The World Cup: a tournament that creates sporting immortality, unites nations and rekindles ancestral rivalries.
A tournament that retains its unique mythological status despite the glitz and glamour of the Champions League.
A tournament that the UK and Ireland should host in 2030.
From the UK government’s perspective, it would be an opportunity to reaffirm the deep cultural bonds that exist across the UK and by partnering with Ireland, a chance to showcase Global Britain whilst defrosting our relationship with our European neighbours. It would also show the UK delivering for Scotland, much more than any technocratic policy announcement ever could.
The Scottish government and SFA would be able to tie any bid to the redevelopment of Hampden, ensuring another tangible sporting legacy after Scotland inevitably wins the 2030 World Cup. With the feel good factor currently surrounding the national team and the sense Scotland has our best team in a generation, now would be an opportune moment to capitalise on the positivity.
However, a UK/Ireland bid would not be without difficulty. Fan disorder at the Euros has already marred Wembley’s reputation as a safe, secure venue for major events and the government’s own report into the chaos was searing. Speculation is also rife that while FIFA prefers a multi-nation bid, UEFA only wants one from Europe and are already favouring a joint Spain/Portugal bid. Julian Knight of the Digital, Culture, Media and Sport committee has also branded a potential UK/Ireland bid “utter nonsense”.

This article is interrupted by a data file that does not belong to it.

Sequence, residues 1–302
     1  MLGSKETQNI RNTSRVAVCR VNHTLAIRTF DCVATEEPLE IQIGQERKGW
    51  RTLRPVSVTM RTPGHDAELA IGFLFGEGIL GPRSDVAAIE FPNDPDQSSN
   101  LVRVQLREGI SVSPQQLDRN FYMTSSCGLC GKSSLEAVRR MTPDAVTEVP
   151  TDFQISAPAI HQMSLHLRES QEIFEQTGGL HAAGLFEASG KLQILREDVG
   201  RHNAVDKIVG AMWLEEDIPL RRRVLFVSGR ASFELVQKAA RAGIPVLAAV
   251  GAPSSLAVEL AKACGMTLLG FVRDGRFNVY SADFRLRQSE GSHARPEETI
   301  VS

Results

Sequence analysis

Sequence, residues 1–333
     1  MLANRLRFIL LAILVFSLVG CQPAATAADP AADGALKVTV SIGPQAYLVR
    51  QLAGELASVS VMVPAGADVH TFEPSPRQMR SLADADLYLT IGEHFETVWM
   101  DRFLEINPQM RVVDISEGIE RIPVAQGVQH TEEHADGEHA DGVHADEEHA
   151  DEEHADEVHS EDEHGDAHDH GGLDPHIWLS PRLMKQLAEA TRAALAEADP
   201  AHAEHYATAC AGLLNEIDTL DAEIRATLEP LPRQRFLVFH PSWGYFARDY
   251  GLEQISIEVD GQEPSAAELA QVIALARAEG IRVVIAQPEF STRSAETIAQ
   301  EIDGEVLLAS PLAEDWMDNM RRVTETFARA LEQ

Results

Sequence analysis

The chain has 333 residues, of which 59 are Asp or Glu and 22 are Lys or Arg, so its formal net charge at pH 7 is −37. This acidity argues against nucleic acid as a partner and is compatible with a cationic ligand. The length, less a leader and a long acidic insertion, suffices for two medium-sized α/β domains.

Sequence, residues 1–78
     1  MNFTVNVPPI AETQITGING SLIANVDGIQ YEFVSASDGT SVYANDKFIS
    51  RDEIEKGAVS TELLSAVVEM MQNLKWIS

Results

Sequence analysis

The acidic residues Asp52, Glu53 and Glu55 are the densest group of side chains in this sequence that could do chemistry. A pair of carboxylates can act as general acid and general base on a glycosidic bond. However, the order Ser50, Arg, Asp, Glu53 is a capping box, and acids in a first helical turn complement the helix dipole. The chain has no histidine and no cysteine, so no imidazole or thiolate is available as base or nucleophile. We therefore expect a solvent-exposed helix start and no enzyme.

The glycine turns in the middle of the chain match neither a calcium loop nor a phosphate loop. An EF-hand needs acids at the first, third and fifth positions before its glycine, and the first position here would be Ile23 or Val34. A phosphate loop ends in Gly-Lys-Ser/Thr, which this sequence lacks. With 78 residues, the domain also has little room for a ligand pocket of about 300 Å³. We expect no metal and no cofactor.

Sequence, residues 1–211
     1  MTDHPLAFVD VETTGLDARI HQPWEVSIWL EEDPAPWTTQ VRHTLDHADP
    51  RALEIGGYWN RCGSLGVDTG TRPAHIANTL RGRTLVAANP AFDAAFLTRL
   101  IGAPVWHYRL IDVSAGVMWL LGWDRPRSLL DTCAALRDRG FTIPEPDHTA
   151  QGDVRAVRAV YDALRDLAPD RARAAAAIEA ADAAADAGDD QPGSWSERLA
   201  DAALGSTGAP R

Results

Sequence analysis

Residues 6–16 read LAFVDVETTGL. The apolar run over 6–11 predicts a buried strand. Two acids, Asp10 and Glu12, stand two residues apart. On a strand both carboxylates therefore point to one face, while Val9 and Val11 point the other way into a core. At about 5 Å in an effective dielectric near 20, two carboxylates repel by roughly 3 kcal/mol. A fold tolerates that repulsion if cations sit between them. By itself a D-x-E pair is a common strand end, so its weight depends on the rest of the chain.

Meanwhile, Rishi Sunak announced an additional £11m in his autumn budget for a “feasibility study” into a bid. This should be seen as the beginning of a serious attempt at hosting the World Cup. The UK and Ireland have a unique footballing legacy, capable infrastructure and the experience of hosting major events. It would also provide economic benefits. A report commissioned by UK Sport and the City of London Corporation says that by hosting sporting events over the next decade, including the 2030 World Cup, the “economy could receive soft power, trade and investment benefits of up to £4 billion.” However, the benefits would go far beyond money. Sport has a unique ability to captivate, inspire and bring people together. In the same way the last Labour government won the Olympics, current governments should be looking to the future and securing major sporting competitions for future generations to enjoy.
Rishi Sunak’s £11m is a start. But it is now time for the government’s and footballing associations of the home nations and Ireland to begin serious, substantive discussions about hosting the World Cup and engaging in the levels of cooperation required to make the dream a reality.